If you need any help or financial advice, please get in touch with us and we would be happy to assist you!

 

Chris Graham – Client Services

Super Women

RETIREMENT!  The very thought of it appeals to many hardworking persons.  They think about a time for doing the things that bring them pleasure, recreation and fun.  Sadly, many, in particularly women, will not have sufficient superannuation savings to fund the lifestyle they are hoping for in retirement.

On average, women retire with 39% less super than men and surprisingly an estimated 40% of older single retired women live in poverty in retirement.  This group of single retired women are the fastest growing cohort of homeless people in Australia.  What are the reasons for this?  Australia’s gender pay gap is currently 13.9% so on average, women earn less than men and since compulsory employer super is based on wages, women will have less in super in retirement.  Women are also more likely to take time off work for maternity leave and to care for their families.  As a result, a lower superannuation balance may mean a reliance on receiving a government pension.  For some, this may limit their independence and affect their quality of life.

Alan Lakein, a well-known author on personal time management said, “Planning is bringing the future into the present, so you can do something about it now.”

What little steps can you take now to prepare for the kind of retirement you want?

  1. CONSOLIDATION… Do you have multiple super funds?  If so, consolidating your super will likely reduce the management fees you are paying to different funds.
  2. INVESTMENT CHOICE IN SUPER… Most super funds allow you to choose from a range of investment options and asset classes.  These may include, growth, balanced, conservative and cash.  Do you know what investment options are available to you and have you reviewed how your super is invested?  Your investment choice will affect the earnings in your super and ultimately will impact the balance you have in super in retirement.
  3. INSURANCE IN SUPER… Most super funds offer life, total permanent and disability and income protection insurance for their members.  Premiums are deducted from your super to pay for your insurance cover.  Have you reviewed your level of insurance cover?  Do you know if you are over or under insured?  Do you know how much you are paying in insurance premiums for your cover?
  4. CONTRIBUTIONS… You can boost your super and get the power of compounding to work for you by making additional contributions.  If you make personal [after tax] contributions, you may be eligible for the super co-contribution and the low-income super tax offset of up to $500 each.  You can also salary sacrifice part of your salary and have it paid to your super fund.  By salary sacrificing to super, you may be able to reduce your tax because you are only paying 15% tax on your contributions you make rather than your marginal tax rate.  Salary sacrifice to super is considered employer contributions so its important to ensure that you don’t exceed the annual contribution cap of $25,000 for concessional contributions.  From 1 July 2019, if your super balance is less than $500,000 and your employer contributions have not exceeded $25,000 for the year, you are able to carry forward the unused part of the contribution cap for up to 5 years.  This may be a valuable opportunity for those who suddenly have a lump sum assessable income resulting from a disposal of a property.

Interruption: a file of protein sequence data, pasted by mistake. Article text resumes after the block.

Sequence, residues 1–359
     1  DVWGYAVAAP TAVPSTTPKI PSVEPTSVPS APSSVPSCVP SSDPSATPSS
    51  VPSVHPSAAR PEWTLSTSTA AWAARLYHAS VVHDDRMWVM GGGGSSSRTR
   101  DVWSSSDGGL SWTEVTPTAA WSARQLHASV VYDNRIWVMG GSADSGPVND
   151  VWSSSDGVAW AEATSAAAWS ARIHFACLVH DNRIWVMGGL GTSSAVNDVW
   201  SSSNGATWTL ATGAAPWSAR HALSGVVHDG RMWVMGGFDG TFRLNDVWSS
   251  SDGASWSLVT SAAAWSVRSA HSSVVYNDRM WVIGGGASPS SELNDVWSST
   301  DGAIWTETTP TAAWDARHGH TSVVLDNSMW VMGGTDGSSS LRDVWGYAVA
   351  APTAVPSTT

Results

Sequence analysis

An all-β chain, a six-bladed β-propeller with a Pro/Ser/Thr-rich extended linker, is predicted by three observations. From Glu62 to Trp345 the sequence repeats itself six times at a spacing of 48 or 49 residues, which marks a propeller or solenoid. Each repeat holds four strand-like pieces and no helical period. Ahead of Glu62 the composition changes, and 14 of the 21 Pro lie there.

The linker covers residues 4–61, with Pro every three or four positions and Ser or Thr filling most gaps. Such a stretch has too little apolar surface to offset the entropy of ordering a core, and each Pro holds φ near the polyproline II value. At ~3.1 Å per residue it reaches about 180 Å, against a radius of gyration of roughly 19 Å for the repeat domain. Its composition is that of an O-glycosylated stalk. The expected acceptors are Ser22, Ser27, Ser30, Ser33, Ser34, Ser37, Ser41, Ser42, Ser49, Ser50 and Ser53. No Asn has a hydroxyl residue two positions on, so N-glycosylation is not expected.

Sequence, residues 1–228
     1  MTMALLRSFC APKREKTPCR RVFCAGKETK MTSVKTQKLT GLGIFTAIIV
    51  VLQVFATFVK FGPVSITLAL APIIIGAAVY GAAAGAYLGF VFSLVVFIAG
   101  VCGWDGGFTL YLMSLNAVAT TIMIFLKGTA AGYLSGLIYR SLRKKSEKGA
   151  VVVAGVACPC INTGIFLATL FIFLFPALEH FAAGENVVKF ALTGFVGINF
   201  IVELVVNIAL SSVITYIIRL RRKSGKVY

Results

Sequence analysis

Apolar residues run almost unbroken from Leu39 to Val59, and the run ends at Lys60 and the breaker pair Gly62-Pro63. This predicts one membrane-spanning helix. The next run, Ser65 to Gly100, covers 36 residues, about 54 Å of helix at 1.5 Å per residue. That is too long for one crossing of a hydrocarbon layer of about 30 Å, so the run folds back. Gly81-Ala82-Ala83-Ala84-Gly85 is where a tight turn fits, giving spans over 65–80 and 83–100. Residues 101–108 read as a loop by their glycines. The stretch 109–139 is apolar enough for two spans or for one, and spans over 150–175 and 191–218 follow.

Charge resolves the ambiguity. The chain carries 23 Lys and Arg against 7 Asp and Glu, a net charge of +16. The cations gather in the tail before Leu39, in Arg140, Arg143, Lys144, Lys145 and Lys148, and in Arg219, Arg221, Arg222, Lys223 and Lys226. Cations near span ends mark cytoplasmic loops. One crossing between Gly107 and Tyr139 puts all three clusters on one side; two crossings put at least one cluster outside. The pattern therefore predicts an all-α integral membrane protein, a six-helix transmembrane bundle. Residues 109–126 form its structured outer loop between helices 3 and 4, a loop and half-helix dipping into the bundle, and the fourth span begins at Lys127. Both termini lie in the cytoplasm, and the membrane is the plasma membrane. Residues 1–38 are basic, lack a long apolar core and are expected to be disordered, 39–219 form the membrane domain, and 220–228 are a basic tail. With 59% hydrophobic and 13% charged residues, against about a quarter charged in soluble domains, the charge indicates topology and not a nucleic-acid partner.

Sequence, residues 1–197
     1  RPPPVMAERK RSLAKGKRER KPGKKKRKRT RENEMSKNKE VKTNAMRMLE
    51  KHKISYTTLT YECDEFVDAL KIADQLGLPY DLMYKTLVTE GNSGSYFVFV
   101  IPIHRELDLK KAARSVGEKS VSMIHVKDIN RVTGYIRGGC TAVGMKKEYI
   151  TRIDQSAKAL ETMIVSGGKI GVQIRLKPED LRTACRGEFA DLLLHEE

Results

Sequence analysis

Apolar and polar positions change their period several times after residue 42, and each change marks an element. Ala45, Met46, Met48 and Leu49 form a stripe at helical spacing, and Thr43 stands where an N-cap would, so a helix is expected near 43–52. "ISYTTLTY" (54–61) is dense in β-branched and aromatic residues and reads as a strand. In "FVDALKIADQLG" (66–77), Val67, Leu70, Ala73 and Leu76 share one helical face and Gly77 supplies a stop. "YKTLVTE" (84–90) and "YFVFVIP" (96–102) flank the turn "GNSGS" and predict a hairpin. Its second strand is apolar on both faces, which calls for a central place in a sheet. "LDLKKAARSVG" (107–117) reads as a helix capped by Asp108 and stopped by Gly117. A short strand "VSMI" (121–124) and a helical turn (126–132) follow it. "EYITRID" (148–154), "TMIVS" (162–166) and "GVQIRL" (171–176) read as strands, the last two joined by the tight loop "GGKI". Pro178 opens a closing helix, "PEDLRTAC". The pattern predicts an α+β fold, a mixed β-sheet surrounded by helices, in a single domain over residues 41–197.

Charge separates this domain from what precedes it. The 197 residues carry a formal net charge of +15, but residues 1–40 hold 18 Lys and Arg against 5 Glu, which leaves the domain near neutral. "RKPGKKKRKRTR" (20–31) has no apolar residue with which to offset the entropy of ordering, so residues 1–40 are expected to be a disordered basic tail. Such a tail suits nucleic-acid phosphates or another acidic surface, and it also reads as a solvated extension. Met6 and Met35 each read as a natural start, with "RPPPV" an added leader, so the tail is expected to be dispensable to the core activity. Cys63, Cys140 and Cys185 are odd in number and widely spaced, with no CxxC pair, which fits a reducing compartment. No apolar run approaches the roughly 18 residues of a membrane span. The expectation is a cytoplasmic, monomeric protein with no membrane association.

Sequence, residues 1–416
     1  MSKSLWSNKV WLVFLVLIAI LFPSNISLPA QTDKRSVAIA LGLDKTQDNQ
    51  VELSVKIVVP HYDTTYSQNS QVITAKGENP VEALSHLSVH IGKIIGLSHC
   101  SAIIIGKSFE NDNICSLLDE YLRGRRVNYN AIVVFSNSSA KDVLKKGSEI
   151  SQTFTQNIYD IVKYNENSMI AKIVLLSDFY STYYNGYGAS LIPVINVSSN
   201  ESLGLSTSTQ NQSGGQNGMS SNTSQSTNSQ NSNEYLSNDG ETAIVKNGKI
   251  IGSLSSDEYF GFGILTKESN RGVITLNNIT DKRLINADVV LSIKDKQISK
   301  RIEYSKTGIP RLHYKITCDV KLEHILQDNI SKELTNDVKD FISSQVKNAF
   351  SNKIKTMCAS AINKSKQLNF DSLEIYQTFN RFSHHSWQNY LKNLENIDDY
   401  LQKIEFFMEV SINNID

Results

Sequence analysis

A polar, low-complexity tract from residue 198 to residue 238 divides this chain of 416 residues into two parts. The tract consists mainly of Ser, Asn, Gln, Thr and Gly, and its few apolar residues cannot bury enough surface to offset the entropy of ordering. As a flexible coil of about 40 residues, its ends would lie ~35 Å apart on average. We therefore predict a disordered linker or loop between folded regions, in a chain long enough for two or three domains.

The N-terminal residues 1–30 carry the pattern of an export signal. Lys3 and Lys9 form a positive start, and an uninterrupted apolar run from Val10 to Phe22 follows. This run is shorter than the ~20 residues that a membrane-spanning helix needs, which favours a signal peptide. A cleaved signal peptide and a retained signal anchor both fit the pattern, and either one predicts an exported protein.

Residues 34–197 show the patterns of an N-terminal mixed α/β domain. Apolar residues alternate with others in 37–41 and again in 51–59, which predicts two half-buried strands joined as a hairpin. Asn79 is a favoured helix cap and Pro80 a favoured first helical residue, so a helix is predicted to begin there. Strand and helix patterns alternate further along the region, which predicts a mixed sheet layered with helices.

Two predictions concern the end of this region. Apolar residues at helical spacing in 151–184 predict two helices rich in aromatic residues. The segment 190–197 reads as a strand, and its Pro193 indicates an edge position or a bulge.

If you would like to know more or come in for a free 30 minute appointment to speak to one of our team on how you can make the most of your superannuation, get in touch here!

 

Helen Yau – Manager + Financial Planner

CA, BCom, Dip Fp, SSA

Christmas + Gift Giving

Christmas is a weird and wonderful time of the year, filled with family, friends, good times, presents, and that confusion of what day of the week is it, and how many days of leave are left.  Not to mention the confusion of still writing 2019 down as a date, three weeks in to the new year.

Christmas can also be very stressful when it comes to the awful topic of money, and spending money.  For those that are running a tight ship, it’s a stressful time, because they might not be able to do everything they can or want to.  Then there are those people that won’t be able to achieve what they can or want to.

The age-old adage of Charity begins at home doesn’t hold true as much as it may have in the past.  There are a lot of people doing it tough, and they need a hand through times such as this.  There are many great ways in which this can be done, whether it’s buying extra presents to donate under wishing trees, making up hampers as a work place, and donating to families in need, or simply through a cash donation to one of the many charities that help families have a great Christmas as well.  I know this is something we do at the Canny Group, and something that I do personally as well.

One hangover that you don’t want to have to deal with after Christmas, is the debt that we tend to rack up from overspending.  It’s not just credit cards, it is zip pay and afterpay as well.  As of 30 June, there was almost a billion outstanding in afterpay, and 60% of that was attributed to people aged between 18-34, which is staggering.